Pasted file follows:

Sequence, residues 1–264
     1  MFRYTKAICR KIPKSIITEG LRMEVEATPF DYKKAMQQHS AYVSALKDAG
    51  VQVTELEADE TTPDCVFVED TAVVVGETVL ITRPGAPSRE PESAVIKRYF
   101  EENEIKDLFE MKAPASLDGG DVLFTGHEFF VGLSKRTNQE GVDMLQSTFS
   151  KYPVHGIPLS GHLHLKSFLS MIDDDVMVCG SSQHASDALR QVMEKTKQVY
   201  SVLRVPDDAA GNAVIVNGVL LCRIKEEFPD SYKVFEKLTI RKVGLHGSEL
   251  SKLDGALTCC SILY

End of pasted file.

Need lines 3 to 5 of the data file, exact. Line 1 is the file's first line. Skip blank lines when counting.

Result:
    51  VQVTELEADE TTPDCVFVED TAVVVGETVL ITRPGAPSRE PESAVIKRYF
   101  EENEIKDLFE MKAPASLDGG DVLFTGHEFF VGLSKRTNQE GVDMLQSTFS
   151  KYPVHGIPLS GHLHLKSFLS MIDDDVMVCG SSQHASDALR QVMEKTKQVY